give a much smoother ride than the Superliner I. My guess would be
that the Superliner II has gone though some improvements in the way
that it is build that helps to provide a more smooth ride. It could
also be that the Superliner II is being used on routes where the tracks
have more recently been upgraded.
Other than the above, the differences between the Superliner I and
Superliner II seem to be minor and you can actually make a game out of
trying to discover the differences. They are not unlike the differences
that you might find an automobile goes through as minor changes are made
from the design of one year to the next.
I discovered the following differences on one of my trips from Los Angeles
to Orlando on the Sunset Limited: They seemed to have fixed the locations
of lighting in the Family Room. In the Superliner I, there is no
individual lighting for the opposing child seat nor for the upper child
sleeping bearth. From what I recall of the Superliner II, there seemed
to be an abundance of individual lighting, including for every individual
seat and every individual sleeping berth.
Special note added on Feb 25, 2002:
Amtrak has been in the process of refurbishing the Superliner I cars for the
last couple of years. As they refurbish each car, the fabric of the chairs is
replaced with the same color that is used in the Superliner II cars. Thus, you
can no longer tell if you are in a Superliner I or II just by the color of the
chairs! The surface material is also being replaced in the restrooms, hallways,
and the bottom of the beds. Sometimes it is replaced by the same grey color pattern
laminate that is used in Superliner II cars. Sometimes it is replace by a
corrogated vynl material. The sink basins in the restrooms are also being replaced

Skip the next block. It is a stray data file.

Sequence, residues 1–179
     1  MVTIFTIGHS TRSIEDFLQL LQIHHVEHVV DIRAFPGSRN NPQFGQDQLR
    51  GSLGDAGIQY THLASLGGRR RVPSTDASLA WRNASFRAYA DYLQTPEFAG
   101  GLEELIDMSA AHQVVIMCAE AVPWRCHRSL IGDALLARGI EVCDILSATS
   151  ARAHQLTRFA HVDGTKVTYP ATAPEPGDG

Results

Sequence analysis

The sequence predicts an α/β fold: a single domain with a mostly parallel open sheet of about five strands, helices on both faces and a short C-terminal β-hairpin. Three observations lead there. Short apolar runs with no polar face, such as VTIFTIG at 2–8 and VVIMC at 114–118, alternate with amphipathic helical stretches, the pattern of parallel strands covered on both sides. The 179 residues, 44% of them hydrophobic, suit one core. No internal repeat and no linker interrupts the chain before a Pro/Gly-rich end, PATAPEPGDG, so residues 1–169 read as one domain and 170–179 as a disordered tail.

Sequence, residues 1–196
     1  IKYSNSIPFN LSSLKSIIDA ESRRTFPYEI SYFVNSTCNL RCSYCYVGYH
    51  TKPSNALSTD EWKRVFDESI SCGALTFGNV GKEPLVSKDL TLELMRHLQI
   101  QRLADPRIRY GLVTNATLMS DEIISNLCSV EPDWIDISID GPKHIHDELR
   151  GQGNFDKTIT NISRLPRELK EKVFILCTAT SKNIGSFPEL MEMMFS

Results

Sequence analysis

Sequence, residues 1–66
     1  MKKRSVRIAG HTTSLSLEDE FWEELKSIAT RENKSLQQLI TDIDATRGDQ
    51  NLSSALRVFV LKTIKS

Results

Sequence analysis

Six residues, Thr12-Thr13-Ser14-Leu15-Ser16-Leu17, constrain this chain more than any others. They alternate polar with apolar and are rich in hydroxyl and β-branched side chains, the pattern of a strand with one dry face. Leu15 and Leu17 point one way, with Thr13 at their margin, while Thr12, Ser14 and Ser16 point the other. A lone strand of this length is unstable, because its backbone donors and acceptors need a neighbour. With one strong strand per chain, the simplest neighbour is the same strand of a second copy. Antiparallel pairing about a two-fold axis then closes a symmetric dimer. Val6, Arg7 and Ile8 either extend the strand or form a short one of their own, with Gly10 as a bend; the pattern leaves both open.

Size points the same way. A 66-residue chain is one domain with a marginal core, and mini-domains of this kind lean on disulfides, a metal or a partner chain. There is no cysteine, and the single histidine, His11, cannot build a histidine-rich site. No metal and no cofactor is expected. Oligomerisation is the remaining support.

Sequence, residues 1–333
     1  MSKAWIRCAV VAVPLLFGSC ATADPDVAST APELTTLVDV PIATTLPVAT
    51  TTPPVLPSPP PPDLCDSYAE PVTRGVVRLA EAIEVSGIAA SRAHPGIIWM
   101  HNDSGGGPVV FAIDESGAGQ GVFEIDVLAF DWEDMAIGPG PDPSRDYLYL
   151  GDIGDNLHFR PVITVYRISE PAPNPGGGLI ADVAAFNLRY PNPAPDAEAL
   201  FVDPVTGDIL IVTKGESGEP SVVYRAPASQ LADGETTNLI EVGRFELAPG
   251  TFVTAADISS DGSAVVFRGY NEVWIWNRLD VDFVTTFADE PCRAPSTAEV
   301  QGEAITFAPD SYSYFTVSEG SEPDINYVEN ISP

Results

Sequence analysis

by a much deeper bowl. These new sink basins are great because the water from an
over-pressured faucet no longer splashes back out of the basin and onto your clothes.
There is also a grade to the counter top so that any water that gets onto the counter
flows back into the basin instead of remaining on the counter top. In some ways, these
refurbished Superliner I Cars are better than the newer Superliner II Cars.
Information from TrainWeb Reader Michael Hansen:
Hi steve, coming from a blind person, this may have some value on you're
superliner page of the trainweb website, or on any other page you think
it would work.
The first thing I noticed upon entering Superliner 2 car number 32006
the stairs leeding to the upstairs of the car. I had traveled on a
onboard The Texas Eagle, and the railings were much thinner then in this
car. Another thing worth noting is the walls. Instead of the carpited
material found in the superlinerI coaches and sleepers, this sleeper has
a smooth material on the wall, like found in the Reconditioned Herison
coaches. For some odd reason, I had the feeling that the sleeper cars,
yeah, the SuperlinerI and the SuperlinerII cars have more room on the
stairway then the superlinerII coach I traveled on on another trip on
Texas Eagle. In the delux sleeper, which I traveled in on my southbound
trip, one of the main things that I noticed is the toylets. There is no
flush button, the toylet autimaticly flushes after you close the lid.
Also, the sound is quite different, and it only goes for a few seconds,
ware as the superlinerI cars, be it coach, sleeper, lounge go for longer,
and sound different.
The wall when the bed is made up also feels different, as does the
with all the controls. In the superlinerI cars, the pannols are of a
very ferm, rubber feeling material. On the SuperlinerII cars, the
material is of a different rubber. There is not as much support in the
control pannol hear, and the rubbber material doesn't feel so hard.
Another difference, something I noticed on my way back, in a superlinerI
car, the handle that allows you to move the small light around is not
there in the superlinerII cars. I found this when exploring our